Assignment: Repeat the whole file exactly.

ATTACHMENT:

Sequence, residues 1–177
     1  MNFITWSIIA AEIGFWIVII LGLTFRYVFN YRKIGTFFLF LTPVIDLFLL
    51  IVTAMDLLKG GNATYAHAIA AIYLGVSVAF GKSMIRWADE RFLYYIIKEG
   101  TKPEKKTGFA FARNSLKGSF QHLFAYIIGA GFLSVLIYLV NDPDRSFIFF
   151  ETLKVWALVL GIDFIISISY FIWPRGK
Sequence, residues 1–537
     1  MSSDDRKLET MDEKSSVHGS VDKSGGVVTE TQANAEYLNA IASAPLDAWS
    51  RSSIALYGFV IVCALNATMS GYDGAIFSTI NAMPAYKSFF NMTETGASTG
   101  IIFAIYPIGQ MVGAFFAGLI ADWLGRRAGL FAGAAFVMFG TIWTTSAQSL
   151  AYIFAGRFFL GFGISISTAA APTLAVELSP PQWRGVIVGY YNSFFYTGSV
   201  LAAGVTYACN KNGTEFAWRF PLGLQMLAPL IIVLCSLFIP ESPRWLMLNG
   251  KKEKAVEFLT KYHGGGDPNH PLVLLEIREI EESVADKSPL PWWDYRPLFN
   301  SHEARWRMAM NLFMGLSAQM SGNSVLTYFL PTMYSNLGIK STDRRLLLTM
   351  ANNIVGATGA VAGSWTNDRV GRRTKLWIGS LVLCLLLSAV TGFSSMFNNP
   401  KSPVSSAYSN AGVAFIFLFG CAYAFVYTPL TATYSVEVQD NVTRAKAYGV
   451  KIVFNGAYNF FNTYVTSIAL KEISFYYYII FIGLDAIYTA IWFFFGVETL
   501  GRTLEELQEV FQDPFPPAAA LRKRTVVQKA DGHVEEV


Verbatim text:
Sequence, residues 1–177
     1  MNFITWSIIA AEIGFWIVII LGLTFRYVFN YRKIGTFFLF LTPVIDLFLL
    51  IVTAMDLLKG GNATYAHAIA AIYLGVSVAF GKSMIRWADE RFLYYIIKEG
   101  TKPEKKTGFA FARNSLKGSF QHLFAYIIGA GFLSVLIYLV NDPDRSFIFF
   151  ETLKVWALVL GIDFIISISY FIWPRGK
Sequence, residues 1–537
     1  MSSDDRKLET MDEKSSVHGS VDKSGGVVTE TQANAEYLNA IASAPLDAWS
    51  RSSIALYGFV IVCALNATMS GYDGAIFSTI NAMPAYKSFF NMTETGASTG
   101  IIFAIYPIGQ MVGAFFAGLI ADWLGRRAGL FAGAAFVMFG TIWTTSAQSL
   151  AYIFAGRFFL GFGISISTAA APTLAVELSP PQWRGVIVGY YNSFFYTGSV
   201  LAAGVTYACN KNGTEFAWRF PLGLQMLAPL IIVLCSLFIP ESPRWLMLNG
   251  KKEKAVEFLT KYHGGGDPNH PLVLLEIREI EESVADKSPL PWWDYRPLFN
   301  SHEARWRMAM NLFMGLSAQM SGNSVLTYFL PTMYSNLGIK STDRRLLLTM
   351  ANNIVGATGA VAGSWTNDRV GRRTKLWIGS LVLCLLLSAV TGFSSMFNNP
   401  KSPVSSAYSN AGVAFIFLFG CAYAFVYTPL TATYSVEVQD NVTRAKAYGV
   451  KIVFNGAYNF FNTYVTSIAL KEISFYYYII FIGLDAIYTA IWFFFGVETL
   501  GRTLEELQEV FQDPFPPAAA LRKRTVVQKA DGHVEEV